5 The Establishment of Procedure: Processing Referrals

How promptly and seriously do we address behavioral transgressions? What input do we commonly seek? What are the processes to be followed? The way educators treat children directly impacts what they believe about themselves as students (Desautles, 2020).  The American Psychological Association recognizes three facets of the mind: interwoven are cognition (thinking), affect (emotional well-being), and connation (behavior). Research on more than 500,000 ninth graders revealed that interventions to help students improve behaviors with connections and restorative aims decreased the incidence of transgressions and proved ten times more effective at raising academic performance than efforts at merely raising test scores (Plomin, 2018); the mind is indeed symbiotic.  Every behavioral encounter must be an authentic effort to improve student affect and connation, recognizing that student behavior is a strong predictor of cognitive/scholastic success, which is one very clear purpose of schooling.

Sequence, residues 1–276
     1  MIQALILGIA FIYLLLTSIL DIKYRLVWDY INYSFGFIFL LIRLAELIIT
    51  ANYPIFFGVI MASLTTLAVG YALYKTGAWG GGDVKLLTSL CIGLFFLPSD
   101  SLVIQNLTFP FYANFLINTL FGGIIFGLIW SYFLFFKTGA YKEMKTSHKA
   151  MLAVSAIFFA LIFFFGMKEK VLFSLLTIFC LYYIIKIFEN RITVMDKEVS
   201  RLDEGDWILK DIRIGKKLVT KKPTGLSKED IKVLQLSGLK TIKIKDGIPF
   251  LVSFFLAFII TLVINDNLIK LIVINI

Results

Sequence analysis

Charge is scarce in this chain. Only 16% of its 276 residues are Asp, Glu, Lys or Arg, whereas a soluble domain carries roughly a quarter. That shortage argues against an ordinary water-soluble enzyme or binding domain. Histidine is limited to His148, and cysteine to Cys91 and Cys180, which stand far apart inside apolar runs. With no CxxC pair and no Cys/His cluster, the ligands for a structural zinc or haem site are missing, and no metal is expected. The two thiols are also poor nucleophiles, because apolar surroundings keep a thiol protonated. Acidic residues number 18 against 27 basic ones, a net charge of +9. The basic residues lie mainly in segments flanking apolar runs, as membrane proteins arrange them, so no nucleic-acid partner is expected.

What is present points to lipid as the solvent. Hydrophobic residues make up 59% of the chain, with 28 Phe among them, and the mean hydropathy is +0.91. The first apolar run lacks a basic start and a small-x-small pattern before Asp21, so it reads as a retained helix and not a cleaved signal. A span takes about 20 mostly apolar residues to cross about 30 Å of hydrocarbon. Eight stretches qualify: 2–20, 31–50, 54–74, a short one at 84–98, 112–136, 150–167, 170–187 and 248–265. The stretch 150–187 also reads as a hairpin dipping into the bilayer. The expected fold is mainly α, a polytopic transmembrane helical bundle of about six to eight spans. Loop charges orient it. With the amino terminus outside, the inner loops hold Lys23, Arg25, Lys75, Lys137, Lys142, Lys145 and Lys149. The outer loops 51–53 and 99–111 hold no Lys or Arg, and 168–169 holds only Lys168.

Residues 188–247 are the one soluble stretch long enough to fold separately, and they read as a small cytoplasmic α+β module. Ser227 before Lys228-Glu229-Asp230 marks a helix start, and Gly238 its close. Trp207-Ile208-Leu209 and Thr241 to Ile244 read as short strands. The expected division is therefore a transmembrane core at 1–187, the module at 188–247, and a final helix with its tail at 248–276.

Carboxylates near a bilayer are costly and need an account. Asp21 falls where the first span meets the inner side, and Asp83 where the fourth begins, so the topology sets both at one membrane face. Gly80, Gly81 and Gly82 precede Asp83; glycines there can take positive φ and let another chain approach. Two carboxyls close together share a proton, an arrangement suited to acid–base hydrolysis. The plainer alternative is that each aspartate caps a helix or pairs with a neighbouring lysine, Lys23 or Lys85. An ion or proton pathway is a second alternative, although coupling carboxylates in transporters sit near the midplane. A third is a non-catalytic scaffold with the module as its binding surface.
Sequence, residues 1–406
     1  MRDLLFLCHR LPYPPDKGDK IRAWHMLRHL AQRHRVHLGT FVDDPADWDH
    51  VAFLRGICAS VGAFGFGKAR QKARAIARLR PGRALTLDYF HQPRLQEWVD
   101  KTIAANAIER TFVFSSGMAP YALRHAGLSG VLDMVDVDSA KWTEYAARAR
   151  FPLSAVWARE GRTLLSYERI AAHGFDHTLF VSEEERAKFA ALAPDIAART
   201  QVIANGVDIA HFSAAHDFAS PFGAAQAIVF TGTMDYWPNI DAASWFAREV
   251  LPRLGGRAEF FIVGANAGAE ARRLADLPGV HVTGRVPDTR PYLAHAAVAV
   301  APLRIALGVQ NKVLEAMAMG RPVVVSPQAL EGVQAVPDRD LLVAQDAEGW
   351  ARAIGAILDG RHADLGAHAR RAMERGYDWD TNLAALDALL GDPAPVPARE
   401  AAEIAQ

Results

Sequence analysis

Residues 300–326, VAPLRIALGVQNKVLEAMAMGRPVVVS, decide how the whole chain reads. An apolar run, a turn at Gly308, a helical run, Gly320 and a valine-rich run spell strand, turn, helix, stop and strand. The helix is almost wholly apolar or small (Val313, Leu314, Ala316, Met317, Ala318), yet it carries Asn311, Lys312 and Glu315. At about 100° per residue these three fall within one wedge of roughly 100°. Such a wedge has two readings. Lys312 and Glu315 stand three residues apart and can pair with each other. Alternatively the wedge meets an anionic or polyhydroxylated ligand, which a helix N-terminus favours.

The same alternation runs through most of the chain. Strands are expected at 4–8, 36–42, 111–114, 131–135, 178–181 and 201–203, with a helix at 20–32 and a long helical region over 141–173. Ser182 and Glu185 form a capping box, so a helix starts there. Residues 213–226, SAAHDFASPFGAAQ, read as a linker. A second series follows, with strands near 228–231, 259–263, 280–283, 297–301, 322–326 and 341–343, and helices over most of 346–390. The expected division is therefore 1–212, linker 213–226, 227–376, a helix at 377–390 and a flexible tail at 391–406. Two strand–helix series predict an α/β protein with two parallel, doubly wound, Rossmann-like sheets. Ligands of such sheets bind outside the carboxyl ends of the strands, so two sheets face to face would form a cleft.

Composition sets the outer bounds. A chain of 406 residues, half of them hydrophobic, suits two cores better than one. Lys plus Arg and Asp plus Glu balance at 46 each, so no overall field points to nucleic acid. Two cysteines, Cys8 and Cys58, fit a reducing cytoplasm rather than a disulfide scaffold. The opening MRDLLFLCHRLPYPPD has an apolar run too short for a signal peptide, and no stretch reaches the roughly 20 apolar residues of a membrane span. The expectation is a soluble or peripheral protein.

Tatyana and Ayana each wrote deep apologies with the assistance of a template, and each read her letter to the other in the presence of the counselor. With this, Ayana felt more comfortable at school.  Because they had received written communication about the referral that first day, middle school teachers encouraged all their students to insert #P489 (Philippians 4:8-9) into future online conversations when social media posts might turn negative and derogatory.  Inserting #P489 would help remind all of the Apostle Paul’s encouragement to “think on these things,” that are true, noble, right, pure, lovely, respectable, excellent, and deserving praise. Some spoke to Ayana about the matter in support, some apologized for their involvement.

6 The Establishment of Procedure: Mediating Learning Experiences

Do we understand and use a contemporary understanding of trauma and neurological science in our procedures? Leading-edge science recognizes the mind for its innate neuroplasticity, capable of forging pathways of proactive rational thought and emotional grit when stimuli might otherwise cause a stumble or an ever-dizzying default into emotional maladaptation. Vygotsky’s interpsychological scaffolding (1986) can redirect and train the brain to rationally self-correct, building upon inputs and processes that arrive at pro-social outputs (Feuerstein, 2010).